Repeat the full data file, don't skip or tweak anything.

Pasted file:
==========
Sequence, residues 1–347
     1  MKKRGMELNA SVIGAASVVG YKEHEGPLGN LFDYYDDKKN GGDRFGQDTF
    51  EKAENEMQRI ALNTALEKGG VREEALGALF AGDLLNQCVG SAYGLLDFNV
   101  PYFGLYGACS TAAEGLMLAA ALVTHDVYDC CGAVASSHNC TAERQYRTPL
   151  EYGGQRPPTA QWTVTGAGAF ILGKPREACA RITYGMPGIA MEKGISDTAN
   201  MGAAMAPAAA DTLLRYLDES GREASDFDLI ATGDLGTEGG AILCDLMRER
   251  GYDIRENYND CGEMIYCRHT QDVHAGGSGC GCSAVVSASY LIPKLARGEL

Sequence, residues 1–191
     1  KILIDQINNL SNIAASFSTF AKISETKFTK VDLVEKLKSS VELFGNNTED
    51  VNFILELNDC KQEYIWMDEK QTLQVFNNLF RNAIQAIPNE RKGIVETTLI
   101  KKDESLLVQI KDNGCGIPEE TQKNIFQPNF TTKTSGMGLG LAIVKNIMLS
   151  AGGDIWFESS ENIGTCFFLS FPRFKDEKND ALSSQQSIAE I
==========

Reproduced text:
Sequence, residues 1–347
     1  MKKRGMELNA SVIGAASVVG YKEHEGPLGN LFDYYDDKKN GGDRFGQDTF
    51  EKAENEMQRI ALNTALEKGG VREEALGALF AGDLLNQCVG SAYGLLDFNV
   101  PYFGLYGACS TAAEGLMLAA ALVTHDVYDC CGAVASSHNC TAERQYRTPL
   151  EYGGQRPPTA QWTVTGAGAF ILGKPREACA RITYGMPGIA MEKGISDTAN
   201  MGAAMAPAAA DTLLRYLDES GREASDFDLI ATGDLGTEGG AILCDLMRER
   251  GYDIRENYND CGEMIYCRHT QDVHAGGSGC GCSAVVSASY LIPKLARGEL

Sequence, residues 1–191
     1  KILIDQINNL SNIAASFSTF AKISETKFTK VDLVEKLKSS VELFGNNTED
    51  VNFILELNDC KQEYIWMDEK QTLQVFNNLF RNAIQAIPNE RKGIVETTLI
   101  KKDESLLVQI KDNGCGIPEE TQKNIFQPNF TTKTSGMGLG LAIVKNIMLS
   151  AGGDIWFESS ENIGTCFFLS FPRFKDEKND ALSSQQSIAE I